The Hardest Math Problem

Not about coronavirus… just to cheer you up:

Puzzle. What math problem has taken the longest to be solved? It could be one that’s solved now, or one that’s still unsolved.

Let’s start by looking at one candidate question. Can you square the circle with compass and straightedge? After this question became popular among mathematicians, it took at least 2295 years to answer it!


It’s often hard to find when a classic math problem was first posed. As for squaring the circle, MacTutor traces it back to before Aristophanes’ wacky comedy The Birds:

The first mathematician who is on record as having attempted to square the circle is Anaxagoras. Plutarch, in his work On Exile which was written in the first century AD, says:

“There is no place that can take away the happiness of a man, nor yet his virtue or wisdom. Anaxagoras, indeed, wrote on the squaring of the circle while in prison.”

Now the problem must have become quite popular shortly after this, not just among a small number of mathematicians, but quite widely, since there is a reference to it in a play The Birds written by Aristophanes in about 414 BC. Two characters are speaking, Meton is the astronomer.

Meton: I propose to survey the air for you: it will have to be marked out in acres.

Peisthetaerus: Good lord, who do you think you are?

Meton: Who am I? Why Meton. THE Meton. Famous throughout the Hellenic world – you must have heard of my hydraulic clock at Colonus?

Peisthetaerus (eyeing Meton’s instruments): And what are these for?

Meton: Ah! These are my special rods for measuring the air. You see, the air is shaped – how shall I put it? – like a sort of extinguisher: so all I have to do is to attach this flexible rod at the upper extremity, take the compasses, insert the point here, and – you see what I mean?

Peisthetaerus: No.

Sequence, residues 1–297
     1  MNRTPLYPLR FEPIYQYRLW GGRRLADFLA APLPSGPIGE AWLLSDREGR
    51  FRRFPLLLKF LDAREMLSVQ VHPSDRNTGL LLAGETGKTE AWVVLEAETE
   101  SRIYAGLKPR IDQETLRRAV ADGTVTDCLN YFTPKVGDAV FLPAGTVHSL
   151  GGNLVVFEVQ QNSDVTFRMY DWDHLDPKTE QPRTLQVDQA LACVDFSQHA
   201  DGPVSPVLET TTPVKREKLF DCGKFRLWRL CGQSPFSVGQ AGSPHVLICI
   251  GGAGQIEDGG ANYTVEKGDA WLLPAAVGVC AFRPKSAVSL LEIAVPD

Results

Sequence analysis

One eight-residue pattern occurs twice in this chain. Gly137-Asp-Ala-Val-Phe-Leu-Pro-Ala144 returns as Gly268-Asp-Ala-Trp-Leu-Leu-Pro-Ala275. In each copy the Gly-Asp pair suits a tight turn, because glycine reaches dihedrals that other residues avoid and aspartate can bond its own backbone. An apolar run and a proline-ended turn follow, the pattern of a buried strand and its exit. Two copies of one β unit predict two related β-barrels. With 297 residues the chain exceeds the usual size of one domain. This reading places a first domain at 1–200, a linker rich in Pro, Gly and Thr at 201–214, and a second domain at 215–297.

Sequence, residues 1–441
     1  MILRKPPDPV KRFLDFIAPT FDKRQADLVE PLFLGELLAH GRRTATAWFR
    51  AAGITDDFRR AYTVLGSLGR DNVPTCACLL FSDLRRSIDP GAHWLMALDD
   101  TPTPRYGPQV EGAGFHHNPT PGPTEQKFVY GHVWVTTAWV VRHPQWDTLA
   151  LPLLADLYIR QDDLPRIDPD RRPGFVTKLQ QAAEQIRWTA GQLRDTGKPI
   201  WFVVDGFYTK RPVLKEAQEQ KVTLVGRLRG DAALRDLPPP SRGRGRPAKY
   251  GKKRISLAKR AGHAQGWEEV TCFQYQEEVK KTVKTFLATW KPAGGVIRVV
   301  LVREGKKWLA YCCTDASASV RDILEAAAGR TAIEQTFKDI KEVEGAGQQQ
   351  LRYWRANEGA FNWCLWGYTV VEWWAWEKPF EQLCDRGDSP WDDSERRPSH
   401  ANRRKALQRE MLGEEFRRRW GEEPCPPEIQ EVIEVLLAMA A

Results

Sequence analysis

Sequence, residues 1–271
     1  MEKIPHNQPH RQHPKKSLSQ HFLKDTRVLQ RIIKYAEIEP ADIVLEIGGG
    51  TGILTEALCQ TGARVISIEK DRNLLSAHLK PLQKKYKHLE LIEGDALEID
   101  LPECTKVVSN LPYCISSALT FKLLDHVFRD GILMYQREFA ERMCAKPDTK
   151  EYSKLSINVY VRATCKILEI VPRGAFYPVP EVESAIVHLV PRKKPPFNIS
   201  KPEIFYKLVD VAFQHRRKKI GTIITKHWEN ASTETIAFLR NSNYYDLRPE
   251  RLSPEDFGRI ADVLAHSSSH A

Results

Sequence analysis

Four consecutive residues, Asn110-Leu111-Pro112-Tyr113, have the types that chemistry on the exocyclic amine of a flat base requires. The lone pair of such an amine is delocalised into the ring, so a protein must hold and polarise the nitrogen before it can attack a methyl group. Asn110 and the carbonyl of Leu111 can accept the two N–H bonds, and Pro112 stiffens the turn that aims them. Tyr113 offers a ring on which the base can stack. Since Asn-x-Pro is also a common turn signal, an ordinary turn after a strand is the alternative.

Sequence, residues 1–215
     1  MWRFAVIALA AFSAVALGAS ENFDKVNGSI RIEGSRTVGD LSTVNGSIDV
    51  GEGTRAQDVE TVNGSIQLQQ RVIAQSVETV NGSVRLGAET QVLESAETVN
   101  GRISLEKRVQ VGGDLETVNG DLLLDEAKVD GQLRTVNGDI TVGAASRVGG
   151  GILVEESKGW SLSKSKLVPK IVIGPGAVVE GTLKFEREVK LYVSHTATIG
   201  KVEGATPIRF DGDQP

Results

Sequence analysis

Meton: Well I now apply the straight rod – so – thus squaring the circle: and there you are. In the centre you have your market place: straight streets leading into it, from here, from here, from here. Very much the same principle, really, as the rays of a star: the star itself is circular, but sends out straight rays in every direction.

Peisthetaerus: Brilliant – the man’s a Thales.

Now from this time the expression ‘circle-squarers’ came into usage and it was applied to someone who attempts the impossible. Indeed the Greeks invented a special word which meant ‘to busy oneself with the quadrature’. For references to squaring the circle to enter a popular play and to enter the Greek vocabulary in this way, there must have been much activity between the work of Anaxagoras and the writing of the play. Indeed we know of the work of a number of mathematicians on this problem during this period: Oenopides, Antiphon, Bryson, Hippocrates, and Hippias.

So, quite conservatively we can say that the squaring the circle was an open problem known to mathematicians since 414 BC. It was proved impossible by Lindemann in 1882, when he showed that eix is transcendental for every nonzero algebraic number x. Taking x = iπ this implies that π is transcendental, and thus cannot be constructed using straightedge and compass.

So, this problem took at least 1882 + 414 – 1 = 2295 years to settle!

Puzzle. Why did I subtract 1 here?

But here’s what I really want to know: can you find a math problem that took longer to solve?

It’s often hard to find when ancient problems were first posed. Consider trisecting the angle, one of the other classic Greek geometry challenges. Trisecting the angle was proved impossible in 1836 or 1837 by Wantzel. So, it would have to have been posed by about 461 BC to beat squaring the circle. I don’t know when people started wondering about it.

How about the question of whether there are infinitely many perfect numbers? This still hasn’t been solved, so it would only need to have to been posed before 276 BC to beat squaring the circle. This seems plausible, since Euclid proved that 2p−1(2p − 1) is an even perfect number whenever 2p − 1 is prime: it’s Prop. IX.36 in the Elements, which dates to 300 BC.

Alas, I don’t think Euclid’s Elements asks if there are infinitely many perfect numbers. But if Euclid wondered about this before writing the Elements, the question may have been open for at least 2020 + 300 – 1 = 2319 years!

Can you help me out here?

18 Responses to The Hardest Math Problem

  1. jb says:

    The theorem you attribute to Euclid is true and was no doubt known to him, but it probably isn’t what you meant: 2^{p-1} is rarely prime!

  2. artusartos says:

    Puzzle. Why did I subtract 1 here? The question was not posed in the beginning of the year or not settled at the end the year?

    I’m somewhat confused with the last problem. How can 2^(p-1) be prime when it’s divisible by 2?